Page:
Too drunk to talk? American U.N. diplomat complains

A general view of the U.N. Headquarters on July 6, 2010, in New York City. Chris Jackson/Getty Images

The American diplomat to U.N. budget negotiations is either a sensible bureaucrat or a total party pooper, depending on your perspective.

Ambassador Joseph M. Torsella, who represents the U.S. on the U.N.'s budget committee, said Monday that the tense process of negotiating the world body's annual budget is made more complicated by the number of diplomats who turn up drunk.

The U.S. is making "the modest proposal that the negotiating rooms should in future be an inebriation-free zone," Torsella said during a private meeting of the budget committee. The U.S. mission released a transcript of his remarks. Torsella proposed "saving the champagne" until the negotiations ended.

Some diplomats have challenged this account of the negotiations, saying the main negotiators were sober, reports Foreign Policy magazine.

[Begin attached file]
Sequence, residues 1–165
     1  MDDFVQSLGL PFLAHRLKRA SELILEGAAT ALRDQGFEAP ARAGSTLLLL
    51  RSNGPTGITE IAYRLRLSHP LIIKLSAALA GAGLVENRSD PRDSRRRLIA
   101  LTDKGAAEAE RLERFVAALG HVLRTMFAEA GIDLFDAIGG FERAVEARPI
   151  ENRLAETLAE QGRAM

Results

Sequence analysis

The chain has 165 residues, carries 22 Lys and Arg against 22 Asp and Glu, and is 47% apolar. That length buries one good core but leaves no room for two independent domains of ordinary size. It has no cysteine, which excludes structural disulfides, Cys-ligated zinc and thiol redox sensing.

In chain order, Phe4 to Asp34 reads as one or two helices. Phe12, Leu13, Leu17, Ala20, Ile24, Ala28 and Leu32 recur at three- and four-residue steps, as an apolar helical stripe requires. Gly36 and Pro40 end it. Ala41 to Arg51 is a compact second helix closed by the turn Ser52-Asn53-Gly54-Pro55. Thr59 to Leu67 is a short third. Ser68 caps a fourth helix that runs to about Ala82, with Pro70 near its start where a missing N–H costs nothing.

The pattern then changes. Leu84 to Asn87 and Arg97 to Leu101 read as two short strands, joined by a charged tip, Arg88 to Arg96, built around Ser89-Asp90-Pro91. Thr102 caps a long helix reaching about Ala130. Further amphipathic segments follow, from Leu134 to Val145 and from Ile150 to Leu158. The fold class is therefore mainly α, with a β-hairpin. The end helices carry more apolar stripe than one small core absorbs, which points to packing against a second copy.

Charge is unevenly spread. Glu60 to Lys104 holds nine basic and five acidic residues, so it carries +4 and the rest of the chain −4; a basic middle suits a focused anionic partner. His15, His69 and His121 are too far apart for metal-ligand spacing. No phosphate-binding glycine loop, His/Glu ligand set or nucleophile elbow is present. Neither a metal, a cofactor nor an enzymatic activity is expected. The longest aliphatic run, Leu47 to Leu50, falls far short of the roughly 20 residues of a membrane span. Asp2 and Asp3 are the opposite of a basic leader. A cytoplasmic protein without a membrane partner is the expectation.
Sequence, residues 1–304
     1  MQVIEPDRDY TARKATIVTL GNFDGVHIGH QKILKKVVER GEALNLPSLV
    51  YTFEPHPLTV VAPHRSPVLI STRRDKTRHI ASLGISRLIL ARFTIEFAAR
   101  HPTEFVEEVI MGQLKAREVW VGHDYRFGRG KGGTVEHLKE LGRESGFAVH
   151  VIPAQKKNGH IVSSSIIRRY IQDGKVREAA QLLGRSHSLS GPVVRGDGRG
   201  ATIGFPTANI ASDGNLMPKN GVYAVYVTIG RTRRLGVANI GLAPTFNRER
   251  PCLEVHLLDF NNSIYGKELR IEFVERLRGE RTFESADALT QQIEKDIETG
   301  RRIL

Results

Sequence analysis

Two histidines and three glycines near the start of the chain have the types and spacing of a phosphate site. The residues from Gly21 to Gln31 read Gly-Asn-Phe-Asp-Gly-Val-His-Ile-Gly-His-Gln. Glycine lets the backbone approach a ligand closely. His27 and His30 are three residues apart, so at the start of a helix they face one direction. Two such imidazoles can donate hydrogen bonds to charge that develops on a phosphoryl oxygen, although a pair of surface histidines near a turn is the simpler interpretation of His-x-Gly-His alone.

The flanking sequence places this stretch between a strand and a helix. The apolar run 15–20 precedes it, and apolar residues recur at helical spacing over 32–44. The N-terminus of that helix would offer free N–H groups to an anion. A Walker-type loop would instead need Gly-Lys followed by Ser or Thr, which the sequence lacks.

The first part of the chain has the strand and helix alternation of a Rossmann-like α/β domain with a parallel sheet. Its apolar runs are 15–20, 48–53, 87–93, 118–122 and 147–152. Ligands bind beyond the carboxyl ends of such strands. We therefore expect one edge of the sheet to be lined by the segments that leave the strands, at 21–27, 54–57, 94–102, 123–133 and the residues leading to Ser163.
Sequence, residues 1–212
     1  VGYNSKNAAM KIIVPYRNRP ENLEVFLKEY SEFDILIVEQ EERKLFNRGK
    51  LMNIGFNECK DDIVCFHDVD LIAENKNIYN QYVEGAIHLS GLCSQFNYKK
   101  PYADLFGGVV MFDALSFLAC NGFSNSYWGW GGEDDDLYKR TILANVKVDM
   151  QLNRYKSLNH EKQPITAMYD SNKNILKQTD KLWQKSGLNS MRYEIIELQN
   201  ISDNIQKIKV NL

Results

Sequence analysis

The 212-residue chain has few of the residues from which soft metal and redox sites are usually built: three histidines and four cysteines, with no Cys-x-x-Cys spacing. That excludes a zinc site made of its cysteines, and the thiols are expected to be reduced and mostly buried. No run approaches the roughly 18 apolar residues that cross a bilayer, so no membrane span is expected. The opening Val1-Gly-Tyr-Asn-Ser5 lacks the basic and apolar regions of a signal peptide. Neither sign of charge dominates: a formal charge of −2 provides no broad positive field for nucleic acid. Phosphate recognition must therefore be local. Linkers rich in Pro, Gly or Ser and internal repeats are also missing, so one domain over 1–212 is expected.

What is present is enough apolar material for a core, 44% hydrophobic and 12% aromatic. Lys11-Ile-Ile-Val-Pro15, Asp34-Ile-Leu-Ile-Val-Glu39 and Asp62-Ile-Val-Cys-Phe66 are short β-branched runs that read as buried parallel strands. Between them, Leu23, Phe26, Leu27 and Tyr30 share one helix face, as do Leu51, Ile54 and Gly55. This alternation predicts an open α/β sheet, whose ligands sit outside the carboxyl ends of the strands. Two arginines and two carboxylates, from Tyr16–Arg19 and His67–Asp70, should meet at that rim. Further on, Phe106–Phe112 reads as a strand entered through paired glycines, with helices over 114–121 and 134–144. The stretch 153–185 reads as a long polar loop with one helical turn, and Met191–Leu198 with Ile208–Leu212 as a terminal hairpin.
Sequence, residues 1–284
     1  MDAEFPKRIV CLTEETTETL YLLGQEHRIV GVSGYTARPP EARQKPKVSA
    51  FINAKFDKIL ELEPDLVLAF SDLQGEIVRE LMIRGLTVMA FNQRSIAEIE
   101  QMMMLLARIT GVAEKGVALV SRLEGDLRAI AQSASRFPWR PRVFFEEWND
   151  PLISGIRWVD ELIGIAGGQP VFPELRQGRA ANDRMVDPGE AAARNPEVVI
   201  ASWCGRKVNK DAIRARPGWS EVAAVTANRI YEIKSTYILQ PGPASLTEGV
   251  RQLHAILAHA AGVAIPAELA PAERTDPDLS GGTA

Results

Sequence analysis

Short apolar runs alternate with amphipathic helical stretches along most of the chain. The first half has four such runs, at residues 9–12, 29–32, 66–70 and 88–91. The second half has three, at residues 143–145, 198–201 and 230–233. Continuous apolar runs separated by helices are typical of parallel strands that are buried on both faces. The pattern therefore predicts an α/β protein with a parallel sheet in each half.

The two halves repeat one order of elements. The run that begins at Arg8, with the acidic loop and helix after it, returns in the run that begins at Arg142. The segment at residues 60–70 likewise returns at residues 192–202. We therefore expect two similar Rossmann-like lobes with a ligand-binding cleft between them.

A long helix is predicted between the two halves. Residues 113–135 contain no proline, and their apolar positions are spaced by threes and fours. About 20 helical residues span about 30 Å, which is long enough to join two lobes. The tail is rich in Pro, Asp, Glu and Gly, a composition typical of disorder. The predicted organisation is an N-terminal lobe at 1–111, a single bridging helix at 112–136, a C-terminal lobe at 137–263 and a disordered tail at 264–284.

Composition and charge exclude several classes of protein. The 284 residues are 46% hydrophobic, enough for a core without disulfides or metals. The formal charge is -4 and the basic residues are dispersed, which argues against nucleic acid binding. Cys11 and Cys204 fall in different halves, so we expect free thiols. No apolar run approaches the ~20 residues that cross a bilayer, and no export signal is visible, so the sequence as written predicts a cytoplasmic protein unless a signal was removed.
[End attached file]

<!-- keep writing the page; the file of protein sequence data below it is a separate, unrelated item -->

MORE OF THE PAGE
Whatever the truth, the unusual public upbraiding reflects a deeper rift over deciding how and where the U.N. spends its money.

Normally, the budget is approved by consensus, giving the wealthiest contributors veto power. (The U.S. gives far more to the U.N. than anyone else, an estimated 22 percent (PDF) of its overall contributions.) Recently, however, the "Group of 77" developing nations (which actually is composed of 132 countries now) has sought to approve things by majority, giving them more sway, reports Foreign Policy.

It is unclear still who, exactly, was so drunk as to impede negotiations, and many reports say it is unfair to pin the blame on the "Group of 77," which some have tried to do. At least one diplomat said "the note-taker who was meant to be recording the talks was so intoxicated he had to be replaced," reports Raw Story.

Still other diplomats have described the drinking as an integral part of the negotiations that can't be blamed entirely on the developing countries' representatives.

"It's not just Africans. The Russians do it," a diplomat told Foreign Policy. "There's nothing new or surprising about this. Canada used to bring whisky. The French used to bring bottles of wine."

Even Torsella acknowledged the that some tipsy negotiating partners have left the U.S. "truly grateful for the strategic opportunities" presented.

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